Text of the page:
“At that stage, you just get the bug for it, you coach a couple of sessions and you enjoy it. When I was injured I was asked to coach a couple of the academy sessions, that was back in 2010, and I suppose that was the catalyst for me. I started to think I could actually enjoy this as a career. That was the start of it.

“Now it’s my fifth year as a coach. I was under no illusions that I needed to learn the ropes as a coach and develop my skills. Leicester have been very good to me obviously and have given me the luxury of speaking to other coaches from other sporting environments. I’m quite happy with where I’m at and how it has gone and certainly enjoying it if that’s possible as a coach.”

Murphy jokes, because the enjoyment levels plunged to rock bottom last season.

“It was the toughest year in my 20 years in professional rugby,” he says.

A disastrous Champions Cup campaign, which included a 38-0 defeat t0 Munster at this juncture 12 months ago, spelled the beginning of the end of Cockerill’s hugely successful reign in charge and then his former Tigers team-mate Aaron Mauger was controversially sacked to make way for the return of O’Connor in what was viewed as a desperate bid to restore past glories to the East Midlands club.

[image alt="Geordan Murphy" src="" width="379" height="500" credit-source="PA" caption="Murphy%20will%20be%20on%20water%20duty%20at%20Thomond%20Park%20tomorrow%20evening." class="aligncenter" /end]

Amidst all the uncertainty and backroom upheaval, Murphy remained and even assumed full control in the short period between Mauger’s departure and O’Connor’s first game back at the helm.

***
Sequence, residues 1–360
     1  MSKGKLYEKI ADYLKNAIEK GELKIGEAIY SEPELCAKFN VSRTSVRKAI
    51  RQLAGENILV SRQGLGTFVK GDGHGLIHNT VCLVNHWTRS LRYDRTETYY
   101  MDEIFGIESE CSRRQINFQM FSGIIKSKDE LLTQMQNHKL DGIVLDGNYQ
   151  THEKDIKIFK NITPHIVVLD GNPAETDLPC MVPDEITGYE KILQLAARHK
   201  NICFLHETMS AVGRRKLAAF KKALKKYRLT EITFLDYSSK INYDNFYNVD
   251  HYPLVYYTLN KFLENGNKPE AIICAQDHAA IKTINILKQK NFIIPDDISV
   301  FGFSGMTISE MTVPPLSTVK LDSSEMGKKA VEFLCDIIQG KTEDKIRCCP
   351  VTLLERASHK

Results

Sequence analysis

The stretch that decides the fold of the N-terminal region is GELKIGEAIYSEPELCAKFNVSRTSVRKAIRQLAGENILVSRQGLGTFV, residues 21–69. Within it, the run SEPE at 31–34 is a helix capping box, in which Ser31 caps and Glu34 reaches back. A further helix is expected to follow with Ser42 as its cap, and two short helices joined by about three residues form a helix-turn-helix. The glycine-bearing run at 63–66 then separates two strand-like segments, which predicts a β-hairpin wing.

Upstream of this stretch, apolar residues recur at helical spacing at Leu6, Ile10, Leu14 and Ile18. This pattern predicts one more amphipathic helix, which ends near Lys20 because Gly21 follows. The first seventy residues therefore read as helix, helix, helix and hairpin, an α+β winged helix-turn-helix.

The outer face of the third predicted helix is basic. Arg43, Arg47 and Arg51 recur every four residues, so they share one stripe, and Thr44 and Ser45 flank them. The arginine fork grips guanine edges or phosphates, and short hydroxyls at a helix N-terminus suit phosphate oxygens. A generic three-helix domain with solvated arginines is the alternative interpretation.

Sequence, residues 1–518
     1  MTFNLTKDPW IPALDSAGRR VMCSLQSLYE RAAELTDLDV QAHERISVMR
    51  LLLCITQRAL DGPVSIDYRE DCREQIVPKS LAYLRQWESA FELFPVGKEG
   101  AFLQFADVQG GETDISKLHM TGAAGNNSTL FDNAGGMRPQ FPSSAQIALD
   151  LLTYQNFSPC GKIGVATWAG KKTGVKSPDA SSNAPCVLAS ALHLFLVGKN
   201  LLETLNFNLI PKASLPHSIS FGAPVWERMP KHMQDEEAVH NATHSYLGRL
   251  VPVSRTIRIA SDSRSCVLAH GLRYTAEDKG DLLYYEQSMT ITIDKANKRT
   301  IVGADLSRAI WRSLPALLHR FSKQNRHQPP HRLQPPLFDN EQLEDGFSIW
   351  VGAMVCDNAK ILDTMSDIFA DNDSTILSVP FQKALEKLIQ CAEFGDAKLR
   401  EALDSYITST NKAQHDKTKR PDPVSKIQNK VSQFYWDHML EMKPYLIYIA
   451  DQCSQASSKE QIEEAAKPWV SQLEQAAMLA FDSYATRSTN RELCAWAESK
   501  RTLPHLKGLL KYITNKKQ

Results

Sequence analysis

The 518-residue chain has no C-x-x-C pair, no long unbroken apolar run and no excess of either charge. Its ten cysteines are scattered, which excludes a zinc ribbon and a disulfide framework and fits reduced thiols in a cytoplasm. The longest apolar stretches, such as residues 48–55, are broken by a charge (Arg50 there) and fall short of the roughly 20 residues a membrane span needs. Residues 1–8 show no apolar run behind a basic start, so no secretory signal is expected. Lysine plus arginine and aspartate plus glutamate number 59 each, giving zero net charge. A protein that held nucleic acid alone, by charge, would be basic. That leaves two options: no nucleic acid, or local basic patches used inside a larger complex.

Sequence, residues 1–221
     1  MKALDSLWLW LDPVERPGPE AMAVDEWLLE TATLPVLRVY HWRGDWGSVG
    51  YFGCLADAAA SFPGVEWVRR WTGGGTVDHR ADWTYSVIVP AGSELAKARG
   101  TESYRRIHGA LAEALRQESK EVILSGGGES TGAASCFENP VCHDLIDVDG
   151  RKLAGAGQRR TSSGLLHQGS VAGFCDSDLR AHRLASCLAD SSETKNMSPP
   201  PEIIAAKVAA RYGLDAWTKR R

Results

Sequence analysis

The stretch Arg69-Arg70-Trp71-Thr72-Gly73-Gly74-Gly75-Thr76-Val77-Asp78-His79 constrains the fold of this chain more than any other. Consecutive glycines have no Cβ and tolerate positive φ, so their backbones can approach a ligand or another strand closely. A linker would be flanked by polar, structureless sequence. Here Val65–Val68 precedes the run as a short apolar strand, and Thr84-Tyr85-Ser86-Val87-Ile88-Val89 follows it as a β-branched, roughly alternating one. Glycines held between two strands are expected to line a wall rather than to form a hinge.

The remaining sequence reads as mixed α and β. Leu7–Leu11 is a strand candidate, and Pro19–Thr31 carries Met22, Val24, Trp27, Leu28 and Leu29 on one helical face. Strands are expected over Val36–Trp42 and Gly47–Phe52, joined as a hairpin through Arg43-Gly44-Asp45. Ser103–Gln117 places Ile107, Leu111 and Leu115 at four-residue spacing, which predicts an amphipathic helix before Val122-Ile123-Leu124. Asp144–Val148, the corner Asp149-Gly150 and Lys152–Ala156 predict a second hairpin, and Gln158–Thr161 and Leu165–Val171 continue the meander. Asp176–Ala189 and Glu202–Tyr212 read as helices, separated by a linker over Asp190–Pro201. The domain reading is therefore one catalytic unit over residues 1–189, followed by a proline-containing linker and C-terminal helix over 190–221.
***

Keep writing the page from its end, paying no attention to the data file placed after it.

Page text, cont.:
He started this term as O’Connor’s deputy and tomorrow evening will be running the line carrying messages and water as Leicester and Munster renew their long-standing European rivalry at Thomond Park in the first of the pivotal back-to-back December games.

For the third successive year, the teams will do battle at this stage of the pool stages and in an uber-competitive group also containing Racing 92 and Castres, the outcome of the two-legged affair will go some way to deciding who progresses to the knockout stages.

Leicester head to Limerick sitting on top of Pool 4 having bounced back from their narrow opening weekend defeat in Paris to emphatically dispatch the challenge of Castres at home in round two.

But performances and results have been inconsistent at best, typified by consecutive defeats to Worcester and Wasps over the last two weeks — and Murphy admits they are in need of a result to kick-start their faltering campaign. No better place to get it, then.

“We had a really poor start [to the season] but then actually put a few decent performances together on the back of that as we started to get a few more bodies fit. We looked pretty dangerous and a few more injuries have probably contributed to a bit of a dip in the Premiership over the last couple of weeks but we definitely need a kick-start to our campaign.

“We’re playing some good rugby together in parts but probably haven’t produced an 80-minute performance together. That’s what we’ll need this weekend because we know how tough it will be, we know how strong Munster are in Europe. It’s important. We need to go and perform well and hopefully get points there.”

While it was confirmed yesterday that Ellis Genge, the England prop, will miss the game after undergoing shoulder surgery, Leicester are at least boosted by the return of Jonny May and Luke Hamilton, while George Ford and Ben Youngs form a quality half-back pairing.

And that particular battle will be a fascinating one. If Ian Keatley’s recent form at 10 holds, Munster will be confident of gaining the upper hand in that department with Conor Murray no doubt relishing the tête-à-tête with Lions team-mate Ben Youngs behind the scrum.